Sharing of sexually explicit material among teens isn’t as widespread as some media reports have you think, researchers say.
Two new studies from the University of New Hampshire Crimes against Children Research Center suggest that concerns about teen sexting may be overblown.
One study found the percentage of youth who send nude pictures of themselves that would qualify as child pornography is very low. The other found that when teen sexting images do come to police attention, few youth are being arrested or treated like sex offenders.
In the first study, UNH researchers surveyed 1,560 Internet users ages 10 through 17 about their experiences with sexting — appearing in, creating, or receiving sexual images or videos via cell phone or the Internet. The study found that 2.5 percent of youth surveyed have participated in sexting in the past year, but only 1 percent involved images that potentially violate child pornography laws — images that showed “naked breasts, genitals or bottoms.”
“Lots of people may be hearing about these cases discovered by schools and parents because they create a furor, but it still involves a very small minority of youth,” said lead author Kimberly Mitchell, research assistant professor of psychology at the UNH Crimes against Children Research Center.
In the second study, researchers discovered that in most sexting cases investigated by the police, no juvenile arrest occurred. There was an arrest in 36 percent of the cases where there were aggravating activities by youth, such as using the images to blackmail or harass other youth. In cases without aggravating elements, the arrest rate was 18 percent.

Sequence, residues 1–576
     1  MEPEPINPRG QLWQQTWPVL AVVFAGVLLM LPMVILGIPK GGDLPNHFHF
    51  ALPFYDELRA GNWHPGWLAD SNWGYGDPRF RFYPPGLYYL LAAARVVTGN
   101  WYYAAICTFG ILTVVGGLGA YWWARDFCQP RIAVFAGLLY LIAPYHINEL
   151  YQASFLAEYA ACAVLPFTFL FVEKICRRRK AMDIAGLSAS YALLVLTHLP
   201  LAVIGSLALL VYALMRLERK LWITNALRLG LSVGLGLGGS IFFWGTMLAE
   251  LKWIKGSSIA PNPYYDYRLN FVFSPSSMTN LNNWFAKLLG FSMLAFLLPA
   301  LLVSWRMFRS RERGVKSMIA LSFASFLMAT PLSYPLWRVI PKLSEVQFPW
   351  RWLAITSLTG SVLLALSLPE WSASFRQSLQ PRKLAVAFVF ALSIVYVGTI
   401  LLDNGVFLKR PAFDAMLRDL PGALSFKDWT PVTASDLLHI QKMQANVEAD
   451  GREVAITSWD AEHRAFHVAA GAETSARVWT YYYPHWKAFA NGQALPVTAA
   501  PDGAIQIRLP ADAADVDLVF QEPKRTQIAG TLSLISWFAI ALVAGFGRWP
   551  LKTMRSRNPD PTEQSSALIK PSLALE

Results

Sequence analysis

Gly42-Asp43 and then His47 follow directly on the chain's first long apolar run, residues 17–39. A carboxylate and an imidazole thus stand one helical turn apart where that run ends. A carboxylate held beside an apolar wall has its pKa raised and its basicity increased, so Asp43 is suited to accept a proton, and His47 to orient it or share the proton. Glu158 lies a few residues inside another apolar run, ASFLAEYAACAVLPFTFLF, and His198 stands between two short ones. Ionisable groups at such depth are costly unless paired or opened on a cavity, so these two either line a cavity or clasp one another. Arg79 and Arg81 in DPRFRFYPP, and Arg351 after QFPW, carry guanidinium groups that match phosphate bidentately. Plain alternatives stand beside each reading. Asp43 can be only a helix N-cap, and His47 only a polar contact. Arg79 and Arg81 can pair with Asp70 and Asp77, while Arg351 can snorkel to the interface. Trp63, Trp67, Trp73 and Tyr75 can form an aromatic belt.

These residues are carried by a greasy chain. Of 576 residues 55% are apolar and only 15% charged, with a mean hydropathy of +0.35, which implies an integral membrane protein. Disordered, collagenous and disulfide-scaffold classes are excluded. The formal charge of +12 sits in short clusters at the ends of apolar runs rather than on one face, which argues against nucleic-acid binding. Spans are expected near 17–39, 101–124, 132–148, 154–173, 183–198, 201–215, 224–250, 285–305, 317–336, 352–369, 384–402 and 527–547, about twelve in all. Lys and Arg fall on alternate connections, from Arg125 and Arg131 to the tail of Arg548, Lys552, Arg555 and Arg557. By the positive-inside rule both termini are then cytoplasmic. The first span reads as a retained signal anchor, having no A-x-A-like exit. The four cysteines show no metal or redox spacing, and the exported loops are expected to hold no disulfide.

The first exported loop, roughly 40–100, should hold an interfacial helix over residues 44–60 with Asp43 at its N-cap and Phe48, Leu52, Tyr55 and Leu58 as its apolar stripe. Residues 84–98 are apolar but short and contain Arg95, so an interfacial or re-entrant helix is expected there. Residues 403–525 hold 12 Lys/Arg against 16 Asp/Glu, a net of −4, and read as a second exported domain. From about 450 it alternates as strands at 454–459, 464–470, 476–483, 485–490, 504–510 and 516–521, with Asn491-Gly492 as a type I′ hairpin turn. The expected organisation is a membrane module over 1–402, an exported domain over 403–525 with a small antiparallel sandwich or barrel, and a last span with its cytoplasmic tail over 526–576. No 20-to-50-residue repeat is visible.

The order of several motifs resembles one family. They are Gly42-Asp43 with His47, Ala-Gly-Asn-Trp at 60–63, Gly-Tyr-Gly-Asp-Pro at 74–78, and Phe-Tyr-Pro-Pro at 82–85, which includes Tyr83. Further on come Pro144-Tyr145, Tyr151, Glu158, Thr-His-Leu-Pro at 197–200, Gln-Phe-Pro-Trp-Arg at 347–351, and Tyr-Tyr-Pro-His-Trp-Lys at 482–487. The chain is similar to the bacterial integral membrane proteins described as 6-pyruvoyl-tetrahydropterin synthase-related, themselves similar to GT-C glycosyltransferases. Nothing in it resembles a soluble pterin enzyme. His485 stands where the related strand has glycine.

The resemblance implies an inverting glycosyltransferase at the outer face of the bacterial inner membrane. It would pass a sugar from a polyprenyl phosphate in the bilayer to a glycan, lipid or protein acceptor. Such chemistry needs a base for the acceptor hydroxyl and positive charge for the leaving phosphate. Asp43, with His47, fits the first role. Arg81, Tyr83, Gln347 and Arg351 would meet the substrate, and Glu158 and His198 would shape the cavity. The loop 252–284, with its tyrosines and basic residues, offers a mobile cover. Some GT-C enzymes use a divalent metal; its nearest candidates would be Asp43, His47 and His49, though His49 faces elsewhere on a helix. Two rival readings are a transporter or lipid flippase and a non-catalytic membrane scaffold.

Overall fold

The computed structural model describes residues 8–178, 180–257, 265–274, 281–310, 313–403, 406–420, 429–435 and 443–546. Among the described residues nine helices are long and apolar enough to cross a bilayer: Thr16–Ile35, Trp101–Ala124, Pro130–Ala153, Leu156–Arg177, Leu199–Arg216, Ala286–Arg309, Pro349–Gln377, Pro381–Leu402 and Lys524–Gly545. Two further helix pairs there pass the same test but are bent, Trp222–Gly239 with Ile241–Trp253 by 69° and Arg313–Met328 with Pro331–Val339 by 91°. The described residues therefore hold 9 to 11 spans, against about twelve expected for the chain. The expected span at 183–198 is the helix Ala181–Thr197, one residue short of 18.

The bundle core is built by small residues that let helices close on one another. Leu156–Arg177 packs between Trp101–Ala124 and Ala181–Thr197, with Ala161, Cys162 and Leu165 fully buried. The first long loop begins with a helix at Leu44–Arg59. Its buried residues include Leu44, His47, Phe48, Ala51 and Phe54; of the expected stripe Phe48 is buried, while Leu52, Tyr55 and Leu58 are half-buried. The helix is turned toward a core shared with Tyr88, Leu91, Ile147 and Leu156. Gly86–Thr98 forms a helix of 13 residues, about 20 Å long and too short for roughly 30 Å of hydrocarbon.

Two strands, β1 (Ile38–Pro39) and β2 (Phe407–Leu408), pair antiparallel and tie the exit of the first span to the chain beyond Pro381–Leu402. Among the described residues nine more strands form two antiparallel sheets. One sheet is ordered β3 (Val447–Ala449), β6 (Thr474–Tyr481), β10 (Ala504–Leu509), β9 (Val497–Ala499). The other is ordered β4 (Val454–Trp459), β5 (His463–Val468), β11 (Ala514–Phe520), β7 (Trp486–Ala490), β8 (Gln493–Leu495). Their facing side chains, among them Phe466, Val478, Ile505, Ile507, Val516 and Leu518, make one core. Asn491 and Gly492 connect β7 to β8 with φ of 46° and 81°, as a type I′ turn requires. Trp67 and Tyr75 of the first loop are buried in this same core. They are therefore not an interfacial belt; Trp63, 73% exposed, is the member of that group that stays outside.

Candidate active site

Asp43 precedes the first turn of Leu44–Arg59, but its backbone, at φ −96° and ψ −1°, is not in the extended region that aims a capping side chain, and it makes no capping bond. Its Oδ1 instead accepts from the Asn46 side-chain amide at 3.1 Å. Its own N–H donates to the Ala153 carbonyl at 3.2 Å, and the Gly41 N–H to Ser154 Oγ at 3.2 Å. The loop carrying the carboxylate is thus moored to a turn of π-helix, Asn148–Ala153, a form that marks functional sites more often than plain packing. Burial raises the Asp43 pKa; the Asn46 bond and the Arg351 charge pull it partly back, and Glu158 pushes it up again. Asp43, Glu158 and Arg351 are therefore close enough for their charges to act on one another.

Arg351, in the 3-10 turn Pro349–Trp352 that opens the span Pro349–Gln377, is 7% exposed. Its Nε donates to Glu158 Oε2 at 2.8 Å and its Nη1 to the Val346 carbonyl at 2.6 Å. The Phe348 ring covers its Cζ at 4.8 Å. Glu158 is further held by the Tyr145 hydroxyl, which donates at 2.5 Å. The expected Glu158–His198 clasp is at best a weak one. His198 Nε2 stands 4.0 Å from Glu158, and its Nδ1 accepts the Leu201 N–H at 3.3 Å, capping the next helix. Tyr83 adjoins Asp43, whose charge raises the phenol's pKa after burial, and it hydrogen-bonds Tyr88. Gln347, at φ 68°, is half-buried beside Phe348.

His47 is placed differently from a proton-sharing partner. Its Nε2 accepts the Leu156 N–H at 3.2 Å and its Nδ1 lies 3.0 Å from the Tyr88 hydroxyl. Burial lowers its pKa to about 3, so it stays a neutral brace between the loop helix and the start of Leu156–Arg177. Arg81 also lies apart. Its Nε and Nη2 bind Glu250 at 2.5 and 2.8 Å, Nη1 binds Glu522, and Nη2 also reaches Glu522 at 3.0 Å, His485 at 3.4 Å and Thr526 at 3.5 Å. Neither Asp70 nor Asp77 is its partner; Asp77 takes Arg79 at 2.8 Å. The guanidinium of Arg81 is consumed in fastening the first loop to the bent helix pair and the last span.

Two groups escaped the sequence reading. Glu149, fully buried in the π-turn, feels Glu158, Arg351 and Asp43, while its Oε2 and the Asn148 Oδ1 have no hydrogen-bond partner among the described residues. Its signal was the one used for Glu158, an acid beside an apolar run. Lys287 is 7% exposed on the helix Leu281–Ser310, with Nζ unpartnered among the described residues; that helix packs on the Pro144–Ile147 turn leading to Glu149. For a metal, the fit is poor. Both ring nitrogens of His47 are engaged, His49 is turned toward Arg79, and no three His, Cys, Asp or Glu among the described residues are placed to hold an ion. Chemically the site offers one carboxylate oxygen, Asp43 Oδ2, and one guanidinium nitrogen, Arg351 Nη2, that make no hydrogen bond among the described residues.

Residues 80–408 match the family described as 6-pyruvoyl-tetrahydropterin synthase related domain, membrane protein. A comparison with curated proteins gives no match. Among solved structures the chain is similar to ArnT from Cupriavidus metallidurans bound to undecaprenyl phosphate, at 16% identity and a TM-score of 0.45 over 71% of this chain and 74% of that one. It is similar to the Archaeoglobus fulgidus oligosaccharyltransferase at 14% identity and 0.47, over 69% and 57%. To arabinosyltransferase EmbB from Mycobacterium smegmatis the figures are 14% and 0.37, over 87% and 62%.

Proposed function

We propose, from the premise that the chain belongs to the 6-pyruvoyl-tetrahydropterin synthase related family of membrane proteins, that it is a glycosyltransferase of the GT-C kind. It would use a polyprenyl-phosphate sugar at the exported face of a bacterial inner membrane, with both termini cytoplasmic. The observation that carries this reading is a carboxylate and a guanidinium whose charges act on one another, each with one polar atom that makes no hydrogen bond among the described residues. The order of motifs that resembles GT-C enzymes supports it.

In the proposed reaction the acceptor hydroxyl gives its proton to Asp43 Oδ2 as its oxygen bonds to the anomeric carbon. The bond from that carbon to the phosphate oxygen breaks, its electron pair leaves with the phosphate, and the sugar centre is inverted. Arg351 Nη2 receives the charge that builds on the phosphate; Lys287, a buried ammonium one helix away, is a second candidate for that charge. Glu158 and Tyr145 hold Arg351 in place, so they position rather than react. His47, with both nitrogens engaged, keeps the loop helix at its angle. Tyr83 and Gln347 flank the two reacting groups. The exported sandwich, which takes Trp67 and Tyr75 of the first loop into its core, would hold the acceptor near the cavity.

The second study was based on a national sample of 675 sexting cases collected from a systematic survey of law enforcement agencies. The study also found that the very few teens who were subjected to sex offender registration had generally committed other serious offenses such as sexual assault.
“Most law enforcement officials are handling these sexting cases in a thoughtful way and not treating teens like sex offenders and child pornographers,” said lead author Janis Wolak, senior researcher at the UNH Crimes against Children Research Center.
In both studies, researchers found that sexual images of youth rarely were widely distributed online as many parents, youth, and law enforcement fear. In the teen survey, 90 percent of the youth said the images they created did not go beyond the intended recipient. Even in the cases where the images came to the attention of the police, two-thirds of the images stayed on cell phones and never circulated online.
The findings were recently published in the journal Pediatrics.